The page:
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THE FOREIGN SERVICE JOURNAL

|

JUNE 2017

41

D

iplomacy is the art of letting the other guy have

your way. Ryan Crocker arrived in Baghdad as

the new U.S. ambassador in 2007 with General

David Petraeus. Petraeus saw his command

grow to more than 150,000 troops during the surge, while

Crocker headed a much smaller (though large by State

Department standards) mission with perhaps 2,000

diplomats, provincial reconstruction team members and

support staff. In addition to a huge advantage in terms of

personnel, Petraeus’ commanders had piles of their own

money to spread around without embassy or USAID over-

sight, giving them even more influence in the field.

Despite working

from a disadvantaged

position, Ambassa-

dor Crocker skillfully

established himself as

Petraeus’ supporting

peer, leading the gen-

eral to proclaim Crocker

his “wingman.” Rather

than take offense at the

imagery of being the

junior partner, Crocker

communicated to his deputies, who included at least five

former ambassadors, that the embassy would follow the

military’s lead given that it was bearing the brunt of beat-

ing back the al-Qaida-led insurgency.

Amb. Crocker thus developed

wasta

(clout, in Arabic)

with the military. He understood that Petraeus’ success

increased his own political leverage with Iraq’s lead-

ers—something every diplomat should understand and

try to replicate. This

wasta

devolved to his country team

and FSO PRT heads, enabling them to influence what the

military was doing in areas normally the purview of the

embassy, such as engaging with Iraqi provincial councils.

Among other things, Crocker drew on his

wasta

to

block a ploy proposed by members of Petraeus’ staff to

hijack control over how U.S. money was being spent by

replicating the embassy’s economic assistance and tran-

sition office. Initially operating on its own in Iraq, Defense

had begun improvising. One outcome was the DOD Task

Force for Business Stability Operations—not exactly a

military skill set, and known in Iraq as the Brinkley Group,

after its first leader.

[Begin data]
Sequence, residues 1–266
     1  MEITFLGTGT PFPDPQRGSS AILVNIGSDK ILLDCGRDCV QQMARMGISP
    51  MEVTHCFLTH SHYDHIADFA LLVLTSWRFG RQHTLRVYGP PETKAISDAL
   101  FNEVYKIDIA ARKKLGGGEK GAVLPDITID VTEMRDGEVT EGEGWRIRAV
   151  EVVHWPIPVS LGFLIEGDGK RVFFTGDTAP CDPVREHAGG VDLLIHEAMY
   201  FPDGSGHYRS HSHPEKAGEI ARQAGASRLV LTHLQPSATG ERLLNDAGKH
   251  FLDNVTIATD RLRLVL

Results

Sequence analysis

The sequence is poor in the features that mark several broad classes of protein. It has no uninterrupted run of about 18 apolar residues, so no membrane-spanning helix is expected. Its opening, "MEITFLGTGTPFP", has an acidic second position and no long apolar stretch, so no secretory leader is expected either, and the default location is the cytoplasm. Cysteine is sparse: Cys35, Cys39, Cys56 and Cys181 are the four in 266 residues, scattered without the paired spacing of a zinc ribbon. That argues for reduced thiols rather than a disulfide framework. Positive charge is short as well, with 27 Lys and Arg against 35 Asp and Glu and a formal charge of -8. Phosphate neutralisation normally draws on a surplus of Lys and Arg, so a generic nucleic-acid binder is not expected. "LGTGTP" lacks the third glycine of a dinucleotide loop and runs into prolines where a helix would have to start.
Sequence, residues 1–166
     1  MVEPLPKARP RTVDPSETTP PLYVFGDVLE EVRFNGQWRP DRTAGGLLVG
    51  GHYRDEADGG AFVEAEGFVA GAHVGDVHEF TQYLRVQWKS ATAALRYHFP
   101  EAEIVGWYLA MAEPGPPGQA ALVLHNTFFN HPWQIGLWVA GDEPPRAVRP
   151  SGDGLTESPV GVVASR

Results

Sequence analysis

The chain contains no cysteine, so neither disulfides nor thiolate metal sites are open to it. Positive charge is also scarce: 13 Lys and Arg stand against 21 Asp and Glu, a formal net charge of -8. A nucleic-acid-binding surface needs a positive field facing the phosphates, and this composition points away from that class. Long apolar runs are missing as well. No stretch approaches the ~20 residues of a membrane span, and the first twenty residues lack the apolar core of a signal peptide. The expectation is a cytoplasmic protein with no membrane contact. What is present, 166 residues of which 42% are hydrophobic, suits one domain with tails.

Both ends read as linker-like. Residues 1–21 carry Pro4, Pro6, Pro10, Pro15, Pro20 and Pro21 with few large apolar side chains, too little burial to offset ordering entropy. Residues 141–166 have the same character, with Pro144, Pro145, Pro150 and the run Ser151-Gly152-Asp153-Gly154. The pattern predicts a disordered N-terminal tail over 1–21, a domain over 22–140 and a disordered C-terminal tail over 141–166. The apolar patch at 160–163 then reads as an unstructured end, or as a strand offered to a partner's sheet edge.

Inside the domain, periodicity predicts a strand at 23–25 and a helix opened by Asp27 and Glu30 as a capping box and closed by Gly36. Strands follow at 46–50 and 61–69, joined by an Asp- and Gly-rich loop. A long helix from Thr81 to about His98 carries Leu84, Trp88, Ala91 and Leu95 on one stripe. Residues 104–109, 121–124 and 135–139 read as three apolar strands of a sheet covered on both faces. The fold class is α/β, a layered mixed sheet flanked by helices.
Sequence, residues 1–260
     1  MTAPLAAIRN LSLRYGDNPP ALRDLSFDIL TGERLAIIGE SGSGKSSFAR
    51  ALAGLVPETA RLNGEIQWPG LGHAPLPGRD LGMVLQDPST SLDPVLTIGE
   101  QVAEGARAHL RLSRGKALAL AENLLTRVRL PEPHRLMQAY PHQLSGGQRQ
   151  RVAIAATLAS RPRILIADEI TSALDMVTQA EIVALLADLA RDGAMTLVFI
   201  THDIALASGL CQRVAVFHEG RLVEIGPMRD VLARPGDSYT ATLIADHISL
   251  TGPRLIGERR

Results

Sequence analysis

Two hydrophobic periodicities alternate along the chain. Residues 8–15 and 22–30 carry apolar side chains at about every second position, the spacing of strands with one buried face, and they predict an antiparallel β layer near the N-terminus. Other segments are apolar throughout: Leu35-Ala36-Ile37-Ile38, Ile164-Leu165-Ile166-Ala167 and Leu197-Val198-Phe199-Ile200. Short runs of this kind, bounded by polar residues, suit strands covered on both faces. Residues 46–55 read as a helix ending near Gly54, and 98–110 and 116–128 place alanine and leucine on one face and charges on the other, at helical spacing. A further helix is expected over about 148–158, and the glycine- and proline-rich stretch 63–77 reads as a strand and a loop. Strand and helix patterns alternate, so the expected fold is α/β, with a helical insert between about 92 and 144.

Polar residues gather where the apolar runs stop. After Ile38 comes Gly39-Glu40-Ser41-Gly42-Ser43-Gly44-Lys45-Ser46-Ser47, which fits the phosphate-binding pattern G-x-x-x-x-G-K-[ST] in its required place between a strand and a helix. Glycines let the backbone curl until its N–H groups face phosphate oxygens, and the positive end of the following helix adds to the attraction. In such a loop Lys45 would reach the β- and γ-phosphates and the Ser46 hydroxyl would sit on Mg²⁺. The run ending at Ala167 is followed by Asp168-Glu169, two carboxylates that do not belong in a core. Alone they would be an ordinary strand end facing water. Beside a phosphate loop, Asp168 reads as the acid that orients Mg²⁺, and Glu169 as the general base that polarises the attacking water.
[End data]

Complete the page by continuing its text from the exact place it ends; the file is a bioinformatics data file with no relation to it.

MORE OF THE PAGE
In May 2007,

The Washington Post

highlighted the

State-versus-DOD controversy over this small organiza-

tion, noting that TFBSO had its own view of how to restart

Iraq’s economy (get the moribund state-owned enter-

prises going), which was diametrically opposed to what

Embassy Baghdad was doing, and worked independent of

embassy or USAID oversight.

This became an

example of a failure of

unity of effort across

all elements of national

power. If one believed

TFBSO press state-

ments of the day, Ameri-

cans would be buying

Iraqi-made toilets in

Walmart today. How-

ever, one would be hard

pressed to find any evi-

dence that TBFSO was ever present in Iraq, much less find

an Iraqi toilet in an American store. Amb. Crocker politely

informed Gen. Petraeus that the embassy had this setting

on the smart power dial covered, and TFBSO went away.

(It later migrated to Afghanistan, where it also succeeded

in provoking controversy.)

Crocker’s tenure in Iraq is a textbook case study of

developing a personal relationship that rebalances the

diplomatic-military relationship. The postscript to this is

the strained relationship that Crocker and Petraeus’ suc-

cessors had to endure, with the U.S. effort in Iraq going off

the rails for a year until it was reset when another strong

State-DOD team arrived in the form of Ambassador Jim

Jeffrey and General Lloyd Austin.

—Larry Butler

Ambassador Ryan Crocker’s Country Team in Iraq

Crocker’s tenure is a case

study in developing a

personal relationship that

rebalances the diplomatic-

military relationship.